Restatement of Place
65 Pages Posted: 4 May 2014 Last revised: 5 May 2014
Date Written: May 2, 2014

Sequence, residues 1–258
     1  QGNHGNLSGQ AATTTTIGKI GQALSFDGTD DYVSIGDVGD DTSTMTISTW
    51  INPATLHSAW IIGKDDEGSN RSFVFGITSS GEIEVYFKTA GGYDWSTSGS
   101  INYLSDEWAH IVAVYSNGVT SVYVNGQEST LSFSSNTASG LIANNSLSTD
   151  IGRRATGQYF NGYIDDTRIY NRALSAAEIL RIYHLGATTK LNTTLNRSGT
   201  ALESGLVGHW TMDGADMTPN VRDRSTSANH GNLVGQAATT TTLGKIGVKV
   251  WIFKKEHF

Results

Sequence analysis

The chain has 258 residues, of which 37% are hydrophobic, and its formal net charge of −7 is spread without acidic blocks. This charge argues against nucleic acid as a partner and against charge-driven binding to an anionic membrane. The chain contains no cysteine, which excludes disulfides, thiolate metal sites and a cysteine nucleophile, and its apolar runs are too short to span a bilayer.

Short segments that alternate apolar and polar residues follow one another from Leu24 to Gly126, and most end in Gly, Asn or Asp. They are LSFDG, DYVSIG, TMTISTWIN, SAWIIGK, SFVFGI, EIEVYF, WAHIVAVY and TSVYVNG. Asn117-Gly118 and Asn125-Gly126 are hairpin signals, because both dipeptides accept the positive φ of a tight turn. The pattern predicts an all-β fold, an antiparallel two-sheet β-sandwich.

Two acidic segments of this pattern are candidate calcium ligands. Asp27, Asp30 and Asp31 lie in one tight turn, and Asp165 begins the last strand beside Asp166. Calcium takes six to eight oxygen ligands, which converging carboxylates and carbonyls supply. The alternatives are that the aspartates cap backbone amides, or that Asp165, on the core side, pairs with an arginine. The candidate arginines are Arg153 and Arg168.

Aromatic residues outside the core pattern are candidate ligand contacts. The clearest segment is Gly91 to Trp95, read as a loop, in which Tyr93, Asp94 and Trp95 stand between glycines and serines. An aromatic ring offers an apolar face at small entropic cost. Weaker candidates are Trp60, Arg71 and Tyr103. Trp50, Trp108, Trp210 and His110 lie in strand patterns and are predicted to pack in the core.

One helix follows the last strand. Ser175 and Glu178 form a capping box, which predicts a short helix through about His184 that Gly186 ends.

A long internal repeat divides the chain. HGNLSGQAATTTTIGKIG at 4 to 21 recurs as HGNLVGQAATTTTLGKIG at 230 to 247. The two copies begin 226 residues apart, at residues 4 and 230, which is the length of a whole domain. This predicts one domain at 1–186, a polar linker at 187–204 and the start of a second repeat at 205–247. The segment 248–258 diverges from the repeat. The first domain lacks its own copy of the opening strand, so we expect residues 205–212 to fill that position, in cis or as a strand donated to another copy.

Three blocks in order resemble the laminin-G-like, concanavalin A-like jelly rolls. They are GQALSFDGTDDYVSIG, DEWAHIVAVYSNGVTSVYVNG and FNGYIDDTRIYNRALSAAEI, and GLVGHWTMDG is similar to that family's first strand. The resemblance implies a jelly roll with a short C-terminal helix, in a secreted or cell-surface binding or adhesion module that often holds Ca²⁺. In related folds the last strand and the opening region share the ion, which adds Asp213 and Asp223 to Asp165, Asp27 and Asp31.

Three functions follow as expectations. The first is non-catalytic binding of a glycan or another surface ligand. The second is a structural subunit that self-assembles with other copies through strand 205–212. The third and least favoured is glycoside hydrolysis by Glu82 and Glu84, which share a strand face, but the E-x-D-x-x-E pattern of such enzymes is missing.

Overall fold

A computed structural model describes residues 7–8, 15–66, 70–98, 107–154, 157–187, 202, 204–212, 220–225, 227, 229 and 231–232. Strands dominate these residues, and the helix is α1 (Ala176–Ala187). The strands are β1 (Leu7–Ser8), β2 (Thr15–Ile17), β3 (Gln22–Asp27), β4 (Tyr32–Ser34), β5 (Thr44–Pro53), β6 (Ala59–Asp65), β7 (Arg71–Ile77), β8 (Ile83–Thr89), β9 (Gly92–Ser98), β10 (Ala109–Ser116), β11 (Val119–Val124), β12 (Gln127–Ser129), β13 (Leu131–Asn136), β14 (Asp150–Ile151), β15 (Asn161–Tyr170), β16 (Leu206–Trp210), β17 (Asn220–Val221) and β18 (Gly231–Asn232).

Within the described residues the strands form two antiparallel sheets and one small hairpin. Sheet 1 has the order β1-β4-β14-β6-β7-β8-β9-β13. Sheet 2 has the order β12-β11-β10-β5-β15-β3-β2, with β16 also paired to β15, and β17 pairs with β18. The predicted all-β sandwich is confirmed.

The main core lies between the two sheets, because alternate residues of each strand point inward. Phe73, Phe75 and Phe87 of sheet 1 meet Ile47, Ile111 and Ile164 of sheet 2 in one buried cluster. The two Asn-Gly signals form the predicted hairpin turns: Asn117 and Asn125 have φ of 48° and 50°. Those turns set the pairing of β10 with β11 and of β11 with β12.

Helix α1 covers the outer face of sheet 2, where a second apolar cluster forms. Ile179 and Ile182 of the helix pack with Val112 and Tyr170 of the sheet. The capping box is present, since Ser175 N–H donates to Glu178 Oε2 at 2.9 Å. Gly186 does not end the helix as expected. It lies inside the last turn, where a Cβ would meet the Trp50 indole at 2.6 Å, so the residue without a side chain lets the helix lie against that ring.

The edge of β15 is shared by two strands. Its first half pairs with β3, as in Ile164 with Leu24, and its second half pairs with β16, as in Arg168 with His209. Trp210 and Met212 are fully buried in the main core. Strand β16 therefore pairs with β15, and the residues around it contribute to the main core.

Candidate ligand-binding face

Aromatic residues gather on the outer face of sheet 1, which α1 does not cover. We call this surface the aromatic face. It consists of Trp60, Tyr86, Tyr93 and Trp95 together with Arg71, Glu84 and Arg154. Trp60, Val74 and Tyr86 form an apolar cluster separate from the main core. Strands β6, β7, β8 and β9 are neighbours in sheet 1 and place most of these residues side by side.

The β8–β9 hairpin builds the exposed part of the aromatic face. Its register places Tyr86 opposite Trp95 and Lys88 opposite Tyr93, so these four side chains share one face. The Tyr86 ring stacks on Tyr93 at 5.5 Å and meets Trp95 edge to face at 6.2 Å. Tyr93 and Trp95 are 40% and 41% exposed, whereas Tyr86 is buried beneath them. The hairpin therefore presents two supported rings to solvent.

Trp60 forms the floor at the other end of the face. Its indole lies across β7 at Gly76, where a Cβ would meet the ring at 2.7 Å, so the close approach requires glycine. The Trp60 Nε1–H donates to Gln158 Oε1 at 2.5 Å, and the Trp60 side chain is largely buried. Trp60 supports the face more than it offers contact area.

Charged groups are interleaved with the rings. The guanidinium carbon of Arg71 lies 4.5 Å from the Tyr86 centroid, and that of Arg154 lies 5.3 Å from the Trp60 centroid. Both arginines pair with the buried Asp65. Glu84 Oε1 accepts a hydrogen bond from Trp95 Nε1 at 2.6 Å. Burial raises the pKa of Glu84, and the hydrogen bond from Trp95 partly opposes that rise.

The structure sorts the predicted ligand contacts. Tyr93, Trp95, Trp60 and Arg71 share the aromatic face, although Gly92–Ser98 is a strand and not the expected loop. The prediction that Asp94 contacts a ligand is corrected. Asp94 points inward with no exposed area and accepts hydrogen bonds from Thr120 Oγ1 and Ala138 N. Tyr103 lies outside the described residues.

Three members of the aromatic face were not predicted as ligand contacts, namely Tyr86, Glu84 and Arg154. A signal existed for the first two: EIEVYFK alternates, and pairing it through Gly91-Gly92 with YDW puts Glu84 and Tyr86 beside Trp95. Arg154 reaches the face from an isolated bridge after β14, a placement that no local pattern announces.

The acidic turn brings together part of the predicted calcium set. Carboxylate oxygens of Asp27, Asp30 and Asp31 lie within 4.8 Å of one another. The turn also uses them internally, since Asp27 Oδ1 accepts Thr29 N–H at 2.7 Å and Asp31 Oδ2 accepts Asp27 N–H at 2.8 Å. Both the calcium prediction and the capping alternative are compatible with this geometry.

Images and intuitions of place are ubiquitous in human thought. Dominion over place is one of the first anchors of the conception of law, providing a rationale for sovereign control over defined land boundaries. Place is also embedded in attempts to define rights and regulate conduct. For example, in slave times in the United States, the rights of masters and the duties of slaves were conceived within an assumption of proximity, duties of obedience, and a return consideration of paternalism and care. At the same time, slaves’ bodies became a tradable commodity and their labor an input into commodity pricing on international markets, thereby combining a place-anchored rationale in the governing legal rationalization with faceless commerce across borders in human bodies and forced labor. Ideas about place have increased in visibility in the regulation of the female body, with attempts to map the body and demarcate permissible, or public and observable parts of the body fairly subject to control over a place. With the increased mobility of people, both en masse and using modern travel for individual transit, and with the arrival of cyber reality, the importance of place is in transition. At the same time, place has mystical meanings, manifested in the impulse to claim as sacred sites of death by accident or by mass destruction. The demand is expressed by improvised memorials such as roadside crosses and formal designations of a site such as the World Trade Center for commemoration as well as commerce. Law must mediate the competing interests implicated by differing views of the social needs affecting such sites. This Article explores these and other contexts for the uncertain moral weight in law of place as a guiding factor for rules and decisions. Place has no overarching theory in law. In light of its many contexts, place is a complex and subtle factor in law. The task of fashioning a Restatement of Place across many dimensions is by no means patently manageable, but a sustained effort should bear fruit. The ambiguities in our collective understanding of place as an orienting feature of our legally relevant interactions merit close study, organizing theory, and reformist efforts.
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